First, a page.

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Primary Sources for World History since 1500: Evaluating Primary Sources

Tips, resources, and strategies for completing the second primary source assignment for Dr. Daniel Barish's section of HIS 1305

Fact Checking Sources

Are there errors of time, place, or persons mentioned in your primary source?

Do the people, places, or organizations mentioned really exist?

Did this event happen on the day/time/place mentioned?

These are all questions you can ask and answer to fact check the reliability of the primary source you have found. The easiest way is to look for news reports from the time (major world newspapers like The Times (of London) and The New York Times will be reliable sources; remember to account for the time lag between the event's date and the time the news would have reached other countries). I've linked to these resources below.

Another source for fact checking is a reliable biography of the individual(s) involved. Search for the person's name with the keyword biography to locate one. What might be problematic about using an autobiography?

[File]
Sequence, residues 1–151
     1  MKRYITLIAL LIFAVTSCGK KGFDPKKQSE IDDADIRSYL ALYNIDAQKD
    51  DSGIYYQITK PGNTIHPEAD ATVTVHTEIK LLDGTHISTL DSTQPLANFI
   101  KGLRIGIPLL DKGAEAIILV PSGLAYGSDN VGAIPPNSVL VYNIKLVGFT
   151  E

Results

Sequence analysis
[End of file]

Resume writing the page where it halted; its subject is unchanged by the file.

Reading for Bias

Reading for bias requires more than one reading. You'll read once to get the content, then again for facts, and then a third time for nuances. Nuances are the subtle cues often conveyed with body language when we are talking with one another, but in primary sources you need to look for other clues:

  • adjectives and adverbs - what kind of tone do they carry; 
  • words or phrases that diminish the experiences of others ("Let them eat cake," the quote from the French Revolution spoken about the peasants who didn't have bread is an extreme and easy to read example of this kind of diminishment)
  • visual images (or verbal descriptions of persons and places) - what is being chosen to represent this person or culture
  • who is the speaker and what agenda might she or he have
  • what kind of audience is being addressed by the primary source: aristocrats, peasants, intellectuals, working class, men, women 

So read closely and more than once; see what the fact checking sources mentioned to the right might have to say about the person or event as clues to bias.

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